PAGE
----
+1 # jdd 2014-05-05 07:22
Actually, I think time is running out on the Kiev clique, as they have gone too far in Odessa. I think Russia will move to end the chaos or its borders as is the right of any nation via well-establishe d international law. Any notion that Obama will act rationally or fairly should have been dispelled by now.
 
 
0 # bmiluski 2014-05-05 10:17
jdd.....let me understand this......You believe a country has the right to invade another country if it feels that that country is in chaos? So Mexico or Canada can invade the US if they feel that our country is in chaos. Which means that they would have had the right to invade the US during the Civil War and during the Civil Rights riots?
 
 
+1 # dsepeczi 2014-05-05 10:46
Quoting bmiluski:
jdd.....let me understand this......You believe a country has the right to invade another country if it feels that that country is in chaos? So Mexico or Canada can invade the US if they feel that our country is in chaos. Which means that they would have had the right to invade the US during the Civil War and during the Civil Rights riots?

Why not ? The US has proclaimed itself as protectorate of the world and, as a matter of policy, has announced to the world on several occasions that they will get involved in any conflict in it's own hemisphere. Have you ever heard of the Monroe Doctrine ? That's where we more or less told the world that everybody but the US better stay out of Latin America because we reserved the right to proclaim our whole half of the world as our "interests". Later, we expanded with the Carter doctrine, in which we announced to the world that we'd routinely "butt in" to shape events in the Middle East, which just happens to be on the other side of the world. This one was put in largely to inform the Middle East that, in the words of Bill Maher, "It may be YOUR land but it's OUR oil !"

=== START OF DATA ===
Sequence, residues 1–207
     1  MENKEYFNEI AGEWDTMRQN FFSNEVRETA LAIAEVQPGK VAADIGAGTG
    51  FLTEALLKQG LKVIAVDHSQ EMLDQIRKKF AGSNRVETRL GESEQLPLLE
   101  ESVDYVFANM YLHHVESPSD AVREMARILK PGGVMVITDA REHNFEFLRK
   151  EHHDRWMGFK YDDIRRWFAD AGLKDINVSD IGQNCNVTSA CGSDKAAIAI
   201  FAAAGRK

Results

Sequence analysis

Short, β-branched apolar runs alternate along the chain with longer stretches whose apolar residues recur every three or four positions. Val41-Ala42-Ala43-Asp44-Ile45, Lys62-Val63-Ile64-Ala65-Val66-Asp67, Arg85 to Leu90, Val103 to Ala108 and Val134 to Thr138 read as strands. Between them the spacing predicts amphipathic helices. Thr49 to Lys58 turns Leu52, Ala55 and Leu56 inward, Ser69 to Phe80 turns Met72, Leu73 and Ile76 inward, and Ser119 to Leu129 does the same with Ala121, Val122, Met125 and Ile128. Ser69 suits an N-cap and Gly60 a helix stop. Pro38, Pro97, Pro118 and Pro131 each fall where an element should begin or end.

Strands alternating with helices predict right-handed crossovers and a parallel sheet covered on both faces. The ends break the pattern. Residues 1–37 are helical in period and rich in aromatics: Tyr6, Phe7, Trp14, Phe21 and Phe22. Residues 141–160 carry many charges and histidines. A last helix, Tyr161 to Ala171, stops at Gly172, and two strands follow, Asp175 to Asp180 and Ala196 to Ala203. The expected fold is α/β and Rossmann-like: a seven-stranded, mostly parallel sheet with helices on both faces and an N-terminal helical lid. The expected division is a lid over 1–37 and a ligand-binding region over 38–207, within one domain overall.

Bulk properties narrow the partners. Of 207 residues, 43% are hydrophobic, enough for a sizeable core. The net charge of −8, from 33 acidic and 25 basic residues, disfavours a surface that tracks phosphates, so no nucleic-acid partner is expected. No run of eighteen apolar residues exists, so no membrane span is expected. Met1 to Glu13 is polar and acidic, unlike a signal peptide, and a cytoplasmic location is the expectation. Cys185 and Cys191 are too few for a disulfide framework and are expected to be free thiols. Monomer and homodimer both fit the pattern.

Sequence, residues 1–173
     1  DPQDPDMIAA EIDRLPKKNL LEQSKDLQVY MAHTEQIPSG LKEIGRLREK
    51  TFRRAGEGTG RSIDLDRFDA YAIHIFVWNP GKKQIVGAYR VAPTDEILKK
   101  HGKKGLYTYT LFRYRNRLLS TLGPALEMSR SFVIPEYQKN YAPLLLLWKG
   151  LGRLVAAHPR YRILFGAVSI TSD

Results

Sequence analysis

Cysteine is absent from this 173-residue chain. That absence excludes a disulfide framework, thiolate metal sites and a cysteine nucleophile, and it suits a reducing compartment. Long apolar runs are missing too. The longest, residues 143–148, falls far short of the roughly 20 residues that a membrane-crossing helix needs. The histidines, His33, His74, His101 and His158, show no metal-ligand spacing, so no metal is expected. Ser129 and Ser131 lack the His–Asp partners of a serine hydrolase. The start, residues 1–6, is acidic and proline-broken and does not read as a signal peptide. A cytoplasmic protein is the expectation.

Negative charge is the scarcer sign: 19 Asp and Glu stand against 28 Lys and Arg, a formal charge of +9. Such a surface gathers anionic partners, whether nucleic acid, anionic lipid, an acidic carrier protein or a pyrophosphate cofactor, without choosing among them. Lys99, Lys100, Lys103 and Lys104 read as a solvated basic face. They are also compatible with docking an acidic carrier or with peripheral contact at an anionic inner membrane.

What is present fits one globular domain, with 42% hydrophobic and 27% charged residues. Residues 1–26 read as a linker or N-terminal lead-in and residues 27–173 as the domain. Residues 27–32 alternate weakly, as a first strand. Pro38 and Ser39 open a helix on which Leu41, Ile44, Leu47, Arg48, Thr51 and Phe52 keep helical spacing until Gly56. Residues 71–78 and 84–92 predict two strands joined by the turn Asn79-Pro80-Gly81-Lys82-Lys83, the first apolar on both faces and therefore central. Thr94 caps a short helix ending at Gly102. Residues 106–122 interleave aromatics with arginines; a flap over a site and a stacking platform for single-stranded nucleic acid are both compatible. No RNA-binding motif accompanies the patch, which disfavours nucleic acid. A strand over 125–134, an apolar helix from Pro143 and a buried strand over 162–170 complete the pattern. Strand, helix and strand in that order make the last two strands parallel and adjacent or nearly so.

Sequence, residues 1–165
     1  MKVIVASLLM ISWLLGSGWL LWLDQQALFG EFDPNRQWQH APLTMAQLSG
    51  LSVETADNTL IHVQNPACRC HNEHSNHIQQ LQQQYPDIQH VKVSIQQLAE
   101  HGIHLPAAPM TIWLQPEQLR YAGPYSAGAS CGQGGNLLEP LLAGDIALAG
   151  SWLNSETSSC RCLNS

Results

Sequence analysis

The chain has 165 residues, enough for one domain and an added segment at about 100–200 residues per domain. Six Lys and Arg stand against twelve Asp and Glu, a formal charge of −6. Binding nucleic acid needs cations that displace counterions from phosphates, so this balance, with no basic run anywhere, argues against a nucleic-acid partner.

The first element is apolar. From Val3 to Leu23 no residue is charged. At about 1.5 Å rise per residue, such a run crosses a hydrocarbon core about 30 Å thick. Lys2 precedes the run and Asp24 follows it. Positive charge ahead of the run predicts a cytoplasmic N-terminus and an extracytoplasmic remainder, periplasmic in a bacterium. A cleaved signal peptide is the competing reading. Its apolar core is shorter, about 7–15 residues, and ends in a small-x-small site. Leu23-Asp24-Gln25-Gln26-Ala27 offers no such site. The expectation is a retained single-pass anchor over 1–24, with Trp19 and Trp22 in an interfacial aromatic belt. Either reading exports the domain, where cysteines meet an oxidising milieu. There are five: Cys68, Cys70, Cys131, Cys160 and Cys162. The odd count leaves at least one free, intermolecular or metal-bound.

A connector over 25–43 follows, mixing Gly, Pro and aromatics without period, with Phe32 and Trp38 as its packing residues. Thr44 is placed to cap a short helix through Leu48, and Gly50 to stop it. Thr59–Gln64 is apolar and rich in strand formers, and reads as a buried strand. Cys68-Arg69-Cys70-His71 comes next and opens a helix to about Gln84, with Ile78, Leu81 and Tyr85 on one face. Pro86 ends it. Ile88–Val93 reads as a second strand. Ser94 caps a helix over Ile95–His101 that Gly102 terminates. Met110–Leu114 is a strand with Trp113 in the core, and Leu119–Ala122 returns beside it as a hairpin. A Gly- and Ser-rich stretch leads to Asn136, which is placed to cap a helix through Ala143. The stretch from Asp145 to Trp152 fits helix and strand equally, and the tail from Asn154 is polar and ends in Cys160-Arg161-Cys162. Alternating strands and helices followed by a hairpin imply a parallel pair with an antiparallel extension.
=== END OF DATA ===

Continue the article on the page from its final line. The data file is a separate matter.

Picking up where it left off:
-1 # bmiluski 2014-05-05 12:48